Considering expensive home upgrades? Expert tips on spending and saving money wisely, including paying off a mortgage and saving for retirement. 

Q: I have a $138,000 mortgage at 3.75 percent on a 15-year term with 10 years left to pay. The property is appraised at $300,000. I have $130,000 cash reserve. My wife wants to put a pool in at a cost of about $100,000. I would rather pay off the mortgage.

What would you recommend? Should we refinance our loan and take cash out now? I am 52 years old and have an annual income of $250,000 with about $650,000 in retirement accounts.

A: We thought we’d use this question as an opportunity to deal with the issue of interest rates, spending and saving. Let’s start with saving money. Most Americans don’t save enough for retirement. It seems that we spend money, spend more, and then spend beyond that.

Experts usually suggest that you’ll want to have about 10 times your annual income in retirement savings. That’s about $2.5 million at 10 times your income. What do you have? You have $650,000 in retirement accounts plus about $170,000 in equity and perhaps some other investments. Altogether, it’s about $1 million – far short of what you’ll probably need even if you factor in the maximum from social security.

You don’t have much of a mortgage on your home right now and the interest rate is very good. So, your expenses are low and in another 10 years, your house will be paid off.

But spending $100,000 on a swimming pool is an expensive home upgrade and requires some deep thinking about priorities.

We know you can spend less and still have a beautiful pool, but you’re thinking of spending upwards of $100,000 or about 33 percent of the value of your home. That’s a huge percentage.

In some parts of the country, not having a pool might put your home at a great disadvantage. But we had a neighbor recently spend $30,000 to take out a pool from his property to make it saleable. No one would buy the home with an old, yucky pool.

Think about your property as both a home and an investment. As a home, you might do things that give you pleasure today and for years to come. Building a high-end swimming pool might fit into this category. If you and your family enjoy having a pool and you live in a climate that is kind to pool use, you can get years of enjoyment from it.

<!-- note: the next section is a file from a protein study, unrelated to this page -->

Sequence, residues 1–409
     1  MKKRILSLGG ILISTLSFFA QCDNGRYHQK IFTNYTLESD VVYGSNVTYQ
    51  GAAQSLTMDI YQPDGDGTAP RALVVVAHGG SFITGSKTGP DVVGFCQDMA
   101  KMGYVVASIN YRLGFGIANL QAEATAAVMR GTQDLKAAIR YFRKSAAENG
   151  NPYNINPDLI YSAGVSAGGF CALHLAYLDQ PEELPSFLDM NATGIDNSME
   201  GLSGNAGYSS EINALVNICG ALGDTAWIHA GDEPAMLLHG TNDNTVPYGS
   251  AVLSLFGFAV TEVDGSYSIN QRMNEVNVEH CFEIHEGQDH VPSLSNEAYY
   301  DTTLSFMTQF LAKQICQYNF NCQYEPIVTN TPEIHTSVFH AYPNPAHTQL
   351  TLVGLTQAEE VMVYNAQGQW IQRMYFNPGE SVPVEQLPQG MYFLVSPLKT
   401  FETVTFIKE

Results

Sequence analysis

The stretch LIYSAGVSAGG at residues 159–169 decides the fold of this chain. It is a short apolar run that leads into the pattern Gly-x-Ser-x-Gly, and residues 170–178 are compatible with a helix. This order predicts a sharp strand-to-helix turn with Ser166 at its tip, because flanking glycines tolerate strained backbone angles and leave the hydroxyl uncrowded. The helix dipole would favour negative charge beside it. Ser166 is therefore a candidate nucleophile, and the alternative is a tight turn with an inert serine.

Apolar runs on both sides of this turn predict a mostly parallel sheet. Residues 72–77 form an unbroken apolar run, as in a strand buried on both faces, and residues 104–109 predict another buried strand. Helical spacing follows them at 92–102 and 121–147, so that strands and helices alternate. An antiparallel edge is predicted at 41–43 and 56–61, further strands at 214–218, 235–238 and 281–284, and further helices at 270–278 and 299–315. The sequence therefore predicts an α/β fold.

Likewise, you can enjoy a home spa, sauna, gourmet kitchen, fancy master bath, decked out basement, and the many other amenities people can put into their homes. Just don’t count on them to provide a stellar return on investment. In fact, they may not recover the cost at all, unless you stay for many more years or buy a home specifically to fix or you get lucky.

If you install the pool in your home and spend $100,000 but the home’s value stays the same now and that value doesn’t change if you sell 10, 20, or even 30 years down the line, the pool cost must be seen as an expense and not as an appreciable amenity to help the home’s value. (And don’t forget about annual maintenance, water, and energy costs. Pools are an expensive home upgrade.)

We give you that example so that you may make an informed decision. If you and your wife love the pool idea, have the money to spend on it, and know that you make enough money now and will in the years to come to save money for retirement, go for it.

But from a numbers point of view, it’s hard to justify that level of cost. And if something happens to you, and you have to quit working years ahead of schedule, you might be very sorry you spent that money rather than saving it for your retirement.

So what are you going to do? If you feel that building the pool is the right move, borrowing today at these historically low interest rates is a good idea.

But let’s say you decide not to invest in the pool. You may still want to borrow cash against your property because interest rates are low now and you’ll pay back the loan by investing that money at a greater return.

Your preference for paying off your mortgage is the most conservative way to go. You might instead invest your cash in a diversified portfolio or beef up your retirement account at work. Financial planning is always important.

Of course, you and your wife will have to sit down and make a decision about the pool and the mortgage, but the truth is you have to make a broader decision on your personal finances, home finances, your mortgage, your retirement plans, your kids educational expenses (if you have kids in school).

It’s the issue every Baby Boomer should be discussing: Whether to indulge in the now but have to do a lot of worrying later.